October 19, 2020
Last day to register to vote before the November 3 election
October 27, 2020
Last day to apply for a mail-in or civilian absentee ballot
November 3, 2020
General election - polls open 7 am to 8 pm
November 6, 2020
Last day for county boards of elections to receive mailed in and civilian absentee ballots postmarked at the latest November 3
NOTE: The November 6th date for county election officials to receive mail-in ballots may change, because Pennsylvania Republicans have taken their case opposing this extension to the US Supreme Court.
Keeping Track of Possible Modifications to Voting
This election year has seen an extraordinary number of changes to how we vote, and more changes may be coming our way! Stay on top of it with the links below:
How to Vote, Step #1: Are You Eligible?
You are eligible if:
you have been a U.S. citizen for at least one month
you have resided in Pennsylvania at least 30 days
you are 18 or older on election day (Tuesday, November 3)
you are not serving time for a felony
How to Vote, Step #2: Register
When you register to vote it means you have been added to your county's list of eligible voters (county's manage elections). To register you must first fill out and submit a form that is then reviewed by your county officials. Once you are approved you will receive a voter registration card in the mail.
You can register to vote online, or you can register via other means. One question on the form is do you want to register with a political party in order to vote in their primary. Not sure which (if any) to pick? Try the "Political Typography Quiz" from Pew Research to see where you fit in.
Think you're registered but aren't sure? It's easy to check!
How to Vote, Step #3: Vote In Person or by Mail-In Ballot?
If you want to vote in person, you need to know where your polling place is. Your polling place is where you go to vote, and is assigned based on your address. Polling places in Pennsylvania are open from 7 am to 8 pm on election day. If it's your first time voting at your polling place, you will need to provide an approved form of identification.
If you prefer to vote via mail or will be away (an absentee) on election day, you need to apply for a mail-in ballot by 5 pm on October 27. A ballot is a list of candidates voters mark to indicate their choices. After applying for a mail-in ballot you can check your election ballot status.
How to Vote, Step #4: Vote!
If you are voting in person, go to your polling place on Election Day, Tuesday, November 3. Polling places are open from 7 am to 8 pm.
If you are using a mail-in ballot it can be returned in several ways (note that for your ballot to be counted it must be enclosed in the inner secrecy envelope before being inserted into the mailing envelope):
- mail it back (note that it must be received by your county's election officials by 8 pm on November 6, and must be postmarked at latest November 3; the mailing envelope will be prepaid so you won't need stamps)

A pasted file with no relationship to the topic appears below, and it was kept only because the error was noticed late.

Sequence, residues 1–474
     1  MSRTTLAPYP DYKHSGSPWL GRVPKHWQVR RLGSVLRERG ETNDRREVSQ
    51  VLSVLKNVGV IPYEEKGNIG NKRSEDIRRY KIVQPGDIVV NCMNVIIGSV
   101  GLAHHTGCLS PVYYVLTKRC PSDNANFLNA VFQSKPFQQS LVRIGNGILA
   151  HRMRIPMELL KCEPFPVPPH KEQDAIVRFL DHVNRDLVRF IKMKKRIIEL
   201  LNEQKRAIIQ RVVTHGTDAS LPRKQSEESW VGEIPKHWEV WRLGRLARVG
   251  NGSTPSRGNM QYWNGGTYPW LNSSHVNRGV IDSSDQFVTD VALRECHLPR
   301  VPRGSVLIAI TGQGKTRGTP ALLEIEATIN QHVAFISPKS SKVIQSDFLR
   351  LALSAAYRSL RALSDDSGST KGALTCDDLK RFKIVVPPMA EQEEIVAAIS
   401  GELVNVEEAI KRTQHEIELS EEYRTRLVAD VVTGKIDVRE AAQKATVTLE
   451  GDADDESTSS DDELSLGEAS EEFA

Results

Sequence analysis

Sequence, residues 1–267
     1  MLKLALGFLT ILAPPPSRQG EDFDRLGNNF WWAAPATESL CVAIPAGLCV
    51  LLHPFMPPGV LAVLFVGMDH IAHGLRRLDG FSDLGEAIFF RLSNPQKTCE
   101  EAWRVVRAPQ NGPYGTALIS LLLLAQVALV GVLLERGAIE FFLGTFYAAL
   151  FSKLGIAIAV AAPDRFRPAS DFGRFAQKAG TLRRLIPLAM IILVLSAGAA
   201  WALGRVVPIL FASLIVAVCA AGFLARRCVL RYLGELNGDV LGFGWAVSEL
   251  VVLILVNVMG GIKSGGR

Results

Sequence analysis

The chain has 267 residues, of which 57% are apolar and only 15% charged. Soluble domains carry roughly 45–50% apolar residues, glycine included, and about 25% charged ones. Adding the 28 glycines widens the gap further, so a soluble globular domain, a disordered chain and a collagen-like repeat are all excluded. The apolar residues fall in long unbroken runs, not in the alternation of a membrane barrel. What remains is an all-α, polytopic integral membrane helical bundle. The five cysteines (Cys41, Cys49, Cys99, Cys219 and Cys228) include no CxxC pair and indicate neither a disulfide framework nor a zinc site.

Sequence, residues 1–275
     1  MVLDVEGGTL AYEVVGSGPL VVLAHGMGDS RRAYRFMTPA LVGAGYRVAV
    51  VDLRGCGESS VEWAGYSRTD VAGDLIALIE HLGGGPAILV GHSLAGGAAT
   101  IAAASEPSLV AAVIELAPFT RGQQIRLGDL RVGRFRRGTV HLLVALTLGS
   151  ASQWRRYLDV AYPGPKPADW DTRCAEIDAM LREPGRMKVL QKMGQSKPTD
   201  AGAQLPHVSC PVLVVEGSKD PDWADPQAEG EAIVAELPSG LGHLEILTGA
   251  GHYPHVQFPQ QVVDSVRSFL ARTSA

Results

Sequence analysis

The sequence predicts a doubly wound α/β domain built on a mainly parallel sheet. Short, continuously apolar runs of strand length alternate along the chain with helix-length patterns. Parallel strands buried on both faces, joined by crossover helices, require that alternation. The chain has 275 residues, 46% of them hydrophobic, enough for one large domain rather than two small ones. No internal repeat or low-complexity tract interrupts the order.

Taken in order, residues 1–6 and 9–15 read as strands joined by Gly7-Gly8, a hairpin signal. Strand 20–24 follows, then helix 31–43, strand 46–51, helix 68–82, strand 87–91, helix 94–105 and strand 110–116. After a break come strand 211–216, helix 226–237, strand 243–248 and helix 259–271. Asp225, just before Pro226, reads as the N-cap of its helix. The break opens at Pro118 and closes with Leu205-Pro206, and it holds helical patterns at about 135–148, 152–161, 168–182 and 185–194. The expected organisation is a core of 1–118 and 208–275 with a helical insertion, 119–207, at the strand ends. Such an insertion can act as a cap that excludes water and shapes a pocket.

- put it in a dropbox in your county, starting from the date your county sets to 8 pm on November 3 (note that you can return only your own ballot):
Another method for casting a mail-in ballot may be available in your county - going to a county election office, requesting a mail-in ballot, filling it in, and returning it on the spot. Contact your county's election office to see if this method is being offered, and for what dates (see "Additional Resources" for links to county election offices).
If you opted for a mail-in ballot but decide you want to vote in-person at your polling place on November 3, you may do so if:
- you haven't returned your mail-in ballot
- you bring your mail-in ballot with you to your polling place
Help Other Voters - Work at the Polls
Lots of people think their vote doesn't matter, and that their lives won't be affected by who wins an election. But thinking this way ignores some important facts.
First is that your elected officials may help pass laws on major issues you care about. Your vote gives you a say in just what laws are passed.
Second is that government at every level - local, state, and federal - has a BIG impact on your day-to-day quality of life. Consider:
Pennsylvania local governments (counties and municipalities) may be responsible for:
- trash, water, and sewer services
- local parks and libraries
- local road maintenance
- enforcement of local regulations and codes
- local police and courts
- property assessments
- local taxes
For detailed information on our state's local governments, see the Citizen's Guide to Pennsylvania Local Government.
Pennsylvania state government is responsible for:
- K-12 education
- state road maintenance
- state parks
- regulation of businesses
- state laws, police, and courts
- social services
- state taxes
- motor vehicle regulation
To learn more about how our state government works take a look at The Pennsylvania Manual.
The United States federal government is responsible for:
- funding to states for education, healthcare, and more
- Social Security and Medicare
- national laws
- national courts (including the Supreme Court)
- international relations
- national defense
Vote Smart's "Government 101" is a great way to learn more about how our federal government works. "Ben's Guide to the U.S. Government" gives young and old alike a straightforward introduction to the federal government.